Palit GTX 260 Reviewccokeman - August 20, 2008
Category: Video Cards
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It's a video card bonanza right now. New video cards have been flying out of the doors from both ATI/AMD and Nvidia, from the 3870 X2 and 48XX series from ATI to the 9-series, and now the latest from Nvidia - the GTX 200 series. The GTX 260 is really nothing more than slightly de-tuned GTX 280; the GTX 260 uses 192 stream processors, 898MB of GDDR3 memory running at 1000MHz, and 1.4 billion transistors on the 65nm core that is clocked at 576MHz. With those credentials, the GTX 260's performance should be able to hang close to it big brother, the GTX 280. With the massive parallel computing capabilities of the Palit GTX 260, it is able to use Nvidia's CUDA technology to perform complex scientific calculations (Folding@Home), as well as offload the burden of video transcoding from the CPU to the GPU. After seeing the performance of the GTX 280, and an overclocked GTX 260, you have to wonder just how a stock clocked card will perform.
If the performance of the Palit GTX 280 is any indication of the performance potential of the GTX 200 series video cards, then this looks to be another high performing example. Will the Palit GTX 260 be able to match the overclocking capabilities of the EVGA FTW edition that OverclockersClub recently reviewed? Will it be able to be pushed farther? I will have to find out.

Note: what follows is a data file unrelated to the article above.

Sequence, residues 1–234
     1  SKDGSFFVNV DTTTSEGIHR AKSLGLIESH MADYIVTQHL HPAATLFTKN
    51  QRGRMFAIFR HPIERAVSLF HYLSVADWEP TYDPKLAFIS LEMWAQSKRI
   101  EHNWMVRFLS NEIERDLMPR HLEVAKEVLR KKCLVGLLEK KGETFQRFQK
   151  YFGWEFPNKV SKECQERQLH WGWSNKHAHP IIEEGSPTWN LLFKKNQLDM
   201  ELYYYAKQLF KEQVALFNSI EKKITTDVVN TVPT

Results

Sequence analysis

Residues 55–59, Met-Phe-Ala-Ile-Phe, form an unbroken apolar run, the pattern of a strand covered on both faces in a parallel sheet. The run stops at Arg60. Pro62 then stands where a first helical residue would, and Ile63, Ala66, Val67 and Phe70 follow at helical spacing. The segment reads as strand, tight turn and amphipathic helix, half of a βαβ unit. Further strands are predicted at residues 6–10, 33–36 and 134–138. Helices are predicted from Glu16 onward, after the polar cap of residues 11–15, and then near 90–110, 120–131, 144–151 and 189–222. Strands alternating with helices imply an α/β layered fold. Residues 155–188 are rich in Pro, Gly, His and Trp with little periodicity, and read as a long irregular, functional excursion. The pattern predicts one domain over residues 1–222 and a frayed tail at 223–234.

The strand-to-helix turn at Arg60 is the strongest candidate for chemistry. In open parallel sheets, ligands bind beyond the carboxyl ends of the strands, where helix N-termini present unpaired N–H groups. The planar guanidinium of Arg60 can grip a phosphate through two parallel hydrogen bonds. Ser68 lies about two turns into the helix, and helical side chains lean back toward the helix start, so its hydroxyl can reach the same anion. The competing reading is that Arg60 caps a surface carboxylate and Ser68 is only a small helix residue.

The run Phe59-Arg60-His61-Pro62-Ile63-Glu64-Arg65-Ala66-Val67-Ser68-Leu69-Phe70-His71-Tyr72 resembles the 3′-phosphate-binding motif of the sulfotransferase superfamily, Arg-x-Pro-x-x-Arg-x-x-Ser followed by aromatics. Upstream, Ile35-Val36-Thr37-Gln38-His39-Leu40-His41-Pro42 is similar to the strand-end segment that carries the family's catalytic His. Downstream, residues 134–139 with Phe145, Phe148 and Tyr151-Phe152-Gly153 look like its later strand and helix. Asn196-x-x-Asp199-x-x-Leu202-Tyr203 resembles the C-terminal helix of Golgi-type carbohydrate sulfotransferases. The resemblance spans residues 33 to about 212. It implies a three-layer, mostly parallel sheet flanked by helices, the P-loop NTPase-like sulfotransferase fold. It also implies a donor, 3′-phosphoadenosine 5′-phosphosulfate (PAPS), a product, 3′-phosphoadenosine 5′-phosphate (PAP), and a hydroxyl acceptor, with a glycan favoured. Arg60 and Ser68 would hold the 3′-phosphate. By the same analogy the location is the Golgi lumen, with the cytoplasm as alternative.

Palit is still a newcomer to the North American market, and is still not well known by many - but this does not mean that they are a new company. They have been manufacturing motherboards and video cards for 10 years now. Palit is known for the overclocking potential of their non-reference design video cards, and providing innovative cooling solutions on the cards they build. Let's see if the Palit GTX 260 can step out from the crowd, or see if it hides in the shadow of its more powerful sibling, the GTX 280.
The front panel of the box shows the Palit mascot, the Frobot (Frog Robot), along with product identification, basic specifications and the "Gamers Choice" splash logo. The rear panel elaborates on some of the specifications, including support for DirectX 10, Open GL2.01, and what drivers are included on the driver disk. This information is included in 12 different languages, and considering the global availability of Palit's products, this is needed. The side panels list very little additional information, but Windows Vista compatibility and the Frobot are shown prominently.
Popping open the hood provides little excitement. The insides are partitioned to allow the GTX 260 to stay in place, locked in a box of its own, while the bundle takes up the rest of the space.
The bundle that comes with the Palit GTX 260 is pretty slim, but what is there will allow the end user to get the card installed and functioning in just about any case. The documentation includes a quick start guide, a generic driver disk, a DVI to D-sub adapter, and last, but not least, a DVI to HDMI adapter. Unfortunately, there is not an HDMI cable provided, making this feature unavailable until you purchase the 2-pin cable.
Now, let's take a look at the GTX 260 and see what it has to offer.